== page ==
Lobbyist Lanny Davis and Teodoro Obiang Nguema Mbasogo, the ruler of Equatorial Guinea

Lanny Davis' African human rights disaster

When Davis was hired by Equatorial Guinea, the lobbyist said things would change there. They haven't


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Justin Elliott
January 5, 2011 9:01PM (UTC)

Last April, when Democratic lobbyist Lanny Davis was hired by the government of Equatorial Guinea, he declared himself the "reform counsel" for the longtime dictator of the small, oil-rich African nation. Davis' fee was $1 million per year plus expenses, and he and his client, President Teodoro Obiang Nguema Mbasogo, promised widespread reforms and a new respect for human rights.

But today, human rights advocates who track Equatorial Guinea tell Salon that nothing has changed there and that Davis appears to be engaged in little more than a whitewashing exercise designed to rehabilitate the image of the Obiang regime on the international stage. And despite a direct promise by Davis to a reporter in June that political prisoners in Equatorial Guinea would be released, that has not happened.

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Davis, a former Clinton administration official who recently launched a new public relations firm called Davis-Block, is still retained on the Obiang account. That's in contrast to his work for the former president of Ivory Coast, who was also accused of human rights abuses and with whom Davis severed ties last week after scrutiny from Salon and others.

Obiang has ruled Equatorial Guinea since 1979, when he took over in a coup. In the last several presidential elections (the most recent was in 2009) , he won reelection with 95 percent or more of the vote. That's a fact about which Davis joked at an event in Cape Town, South Africa, in June where Obiang delivered a speech promising reforms. "I’ve kidded him he’d do better to win by 51 percent than 98 percent," Davis said.

The economic and human rights situations in Equatorial Guinea have been grim for years. Even as members of Obiang's family and regime have become fabulously rich from oil revenues, the majority of the population lives in extreme poverty.

A March 2010 State Department study reported the following human rights violations under Obiang:  unlawful killings by security forces; torture of detainees and prisoners by security forces; life-threatening conditions in prisons and detention facilities; official impunity; arbitrary arrest, detention and incommunicado detention; judicial corruption and lack of due process; restrictions on freedoms of speech, press, assembly, association and movement; government corruption; violence and discrimination against women; suspected trafficking in persons; discrimination against ethnic minorities; and restrictions on labor rights.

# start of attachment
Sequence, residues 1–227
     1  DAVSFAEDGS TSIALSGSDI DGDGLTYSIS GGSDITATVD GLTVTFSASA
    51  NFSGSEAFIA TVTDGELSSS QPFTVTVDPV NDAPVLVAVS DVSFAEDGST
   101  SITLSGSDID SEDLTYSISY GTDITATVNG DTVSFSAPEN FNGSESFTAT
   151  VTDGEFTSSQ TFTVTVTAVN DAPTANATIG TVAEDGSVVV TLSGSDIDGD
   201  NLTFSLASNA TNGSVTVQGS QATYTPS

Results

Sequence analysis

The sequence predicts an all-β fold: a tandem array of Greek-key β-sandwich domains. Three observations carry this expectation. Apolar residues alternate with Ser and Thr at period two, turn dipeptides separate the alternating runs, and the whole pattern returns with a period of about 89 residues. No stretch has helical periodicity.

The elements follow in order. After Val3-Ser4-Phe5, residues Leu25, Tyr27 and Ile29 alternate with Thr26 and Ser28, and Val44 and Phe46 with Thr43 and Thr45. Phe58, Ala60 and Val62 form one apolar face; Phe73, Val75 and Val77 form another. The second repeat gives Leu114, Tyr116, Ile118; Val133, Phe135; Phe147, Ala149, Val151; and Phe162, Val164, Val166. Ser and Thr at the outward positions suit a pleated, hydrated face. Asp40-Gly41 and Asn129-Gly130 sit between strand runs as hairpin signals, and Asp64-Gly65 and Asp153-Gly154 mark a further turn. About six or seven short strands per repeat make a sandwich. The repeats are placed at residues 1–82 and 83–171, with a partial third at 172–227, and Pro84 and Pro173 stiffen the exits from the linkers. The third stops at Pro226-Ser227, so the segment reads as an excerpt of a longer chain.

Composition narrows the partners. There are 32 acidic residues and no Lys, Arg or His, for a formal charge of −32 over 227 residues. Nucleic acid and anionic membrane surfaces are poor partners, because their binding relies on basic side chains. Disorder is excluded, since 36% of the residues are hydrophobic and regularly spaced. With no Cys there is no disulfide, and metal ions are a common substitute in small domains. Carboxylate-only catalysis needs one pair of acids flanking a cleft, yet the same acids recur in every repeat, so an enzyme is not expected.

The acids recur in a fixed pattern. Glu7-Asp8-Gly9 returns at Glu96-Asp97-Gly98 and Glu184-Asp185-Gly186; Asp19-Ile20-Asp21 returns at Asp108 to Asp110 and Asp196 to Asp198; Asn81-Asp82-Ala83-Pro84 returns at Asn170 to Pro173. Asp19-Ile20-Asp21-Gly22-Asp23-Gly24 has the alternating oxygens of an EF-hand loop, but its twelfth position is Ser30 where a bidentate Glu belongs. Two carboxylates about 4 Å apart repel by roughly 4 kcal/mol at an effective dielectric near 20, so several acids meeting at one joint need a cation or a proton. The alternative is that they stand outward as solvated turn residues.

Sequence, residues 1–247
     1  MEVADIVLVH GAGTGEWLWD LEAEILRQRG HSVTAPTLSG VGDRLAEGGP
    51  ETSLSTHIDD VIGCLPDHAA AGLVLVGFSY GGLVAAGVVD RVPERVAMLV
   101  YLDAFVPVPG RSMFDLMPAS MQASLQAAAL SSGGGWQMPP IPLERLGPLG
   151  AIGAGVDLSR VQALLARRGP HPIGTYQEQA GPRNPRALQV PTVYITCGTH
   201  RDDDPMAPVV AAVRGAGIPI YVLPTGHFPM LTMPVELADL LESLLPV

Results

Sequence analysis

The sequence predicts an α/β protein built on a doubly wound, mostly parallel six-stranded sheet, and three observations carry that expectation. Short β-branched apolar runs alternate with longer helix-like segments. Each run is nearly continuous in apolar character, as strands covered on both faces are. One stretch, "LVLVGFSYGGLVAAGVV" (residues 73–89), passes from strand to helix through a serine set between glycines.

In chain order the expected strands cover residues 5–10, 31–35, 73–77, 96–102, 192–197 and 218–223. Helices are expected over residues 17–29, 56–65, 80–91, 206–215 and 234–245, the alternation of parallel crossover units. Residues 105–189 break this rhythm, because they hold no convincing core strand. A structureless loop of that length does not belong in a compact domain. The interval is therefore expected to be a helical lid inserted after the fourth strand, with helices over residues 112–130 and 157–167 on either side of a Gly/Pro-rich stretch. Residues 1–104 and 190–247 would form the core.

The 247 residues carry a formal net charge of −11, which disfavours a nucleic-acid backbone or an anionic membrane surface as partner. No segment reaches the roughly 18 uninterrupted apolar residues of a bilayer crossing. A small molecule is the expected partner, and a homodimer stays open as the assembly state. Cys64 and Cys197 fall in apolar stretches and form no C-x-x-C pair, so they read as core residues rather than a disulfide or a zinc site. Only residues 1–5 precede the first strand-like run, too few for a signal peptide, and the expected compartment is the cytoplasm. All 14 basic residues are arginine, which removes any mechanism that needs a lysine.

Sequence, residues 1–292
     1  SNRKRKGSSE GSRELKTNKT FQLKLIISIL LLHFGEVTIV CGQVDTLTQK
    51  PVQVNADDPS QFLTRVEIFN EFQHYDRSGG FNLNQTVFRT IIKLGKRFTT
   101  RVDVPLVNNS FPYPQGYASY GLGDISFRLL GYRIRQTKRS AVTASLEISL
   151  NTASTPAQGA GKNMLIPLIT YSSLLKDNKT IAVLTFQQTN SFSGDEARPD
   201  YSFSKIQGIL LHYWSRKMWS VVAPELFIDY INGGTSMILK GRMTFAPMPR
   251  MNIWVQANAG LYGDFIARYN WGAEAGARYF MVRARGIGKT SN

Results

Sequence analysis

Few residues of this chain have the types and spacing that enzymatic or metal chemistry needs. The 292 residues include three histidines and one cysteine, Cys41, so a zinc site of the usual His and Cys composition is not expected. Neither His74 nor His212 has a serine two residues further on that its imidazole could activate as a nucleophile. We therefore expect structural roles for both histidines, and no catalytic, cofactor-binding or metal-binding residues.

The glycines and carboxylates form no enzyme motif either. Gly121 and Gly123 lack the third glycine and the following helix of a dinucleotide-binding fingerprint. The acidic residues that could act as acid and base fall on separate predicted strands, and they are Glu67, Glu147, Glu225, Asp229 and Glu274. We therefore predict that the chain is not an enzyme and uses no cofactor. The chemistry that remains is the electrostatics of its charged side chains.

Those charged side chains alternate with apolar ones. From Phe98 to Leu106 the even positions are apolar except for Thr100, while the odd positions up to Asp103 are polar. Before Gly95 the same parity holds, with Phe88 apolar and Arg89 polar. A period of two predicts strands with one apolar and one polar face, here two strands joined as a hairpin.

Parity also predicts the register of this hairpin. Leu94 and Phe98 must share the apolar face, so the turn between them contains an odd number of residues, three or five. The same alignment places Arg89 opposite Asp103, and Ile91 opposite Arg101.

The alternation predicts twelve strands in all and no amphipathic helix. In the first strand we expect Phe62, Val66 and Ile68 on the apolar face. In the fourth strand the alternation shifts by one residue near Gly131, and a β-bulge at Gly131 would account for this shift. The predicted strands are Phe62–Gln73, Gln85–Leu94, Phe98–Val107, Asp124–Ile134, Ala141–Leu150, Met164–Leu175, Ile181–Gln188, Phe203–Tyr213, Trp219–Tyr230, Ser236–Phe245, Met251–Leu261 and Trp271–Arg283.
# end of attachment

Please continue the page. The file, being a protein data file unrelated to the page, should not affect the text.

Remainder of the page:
(The report also includes gems like this: "According to Human Rights Watch, Teodorin Obiang, the president's son, spent more on luxury goods during 2004-2007 than the government's 2005 budget for education.")

So what's changed since Davis became "reform counsel" for Obiang? Nothing, according to Tutu Alicante, executive director of the Washington-based human rights group EG Justice.

"You have a government that is making all these promises to respect human rights -- to stop torturing, to stop arbitrary detentions -- but they continue to do those same things," Alicante tells Salon. "The June speech [by Obiang] was nothing but an attempt to wash his image before the international community. For people in Equatorial Guinea, nothing will change as a result of that speech."

In September, for example -- many months into Davis' work for Obiang -- Amnesty blasted the regime for the summary execution of four political opponents who had been abducted by Obiang's security forces in Benin. They were convicted of an attempt to assassinate Obiang after a "grossly unfair" trial and torture in detention, according to Amnesty. Meanwhile, two other "prisoners of conscience" were convicted as accomplices and sentenced to 20 years in prison.

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That stands in marked contrast to a promise by Davis, reported in the Times in June, that political prisoners "will be freed."

"There is absolutely no doubt in anybody's mind that there are still political prisoners in jail," Alicante says, while noting that exact numbers are hard to come by because the regime holds such information close to the vest.

Asked by Salon what has changed in Equatorial Guinea, Davis wrote in an e-mail: "Several items -- the most significant Bishop Tutu's letter and final negotiations with Red Cross to return to EG for human rights and prison condition evaluations."

The letter is a reference to a missive from Archbishop Desmond Tutu welcoming Obiang's June speech and expressing hope that the government would follow through on the promised reforms. As for the Red Cross, it's unclear whether the group is in fact back in Equatorial Guinea. Davis declined to elaborate or answer follow-up questions.


Justin Elliott

Justin Elliott is a reporter for ProPublica. You can follow him on Twitter @ElliottJustin

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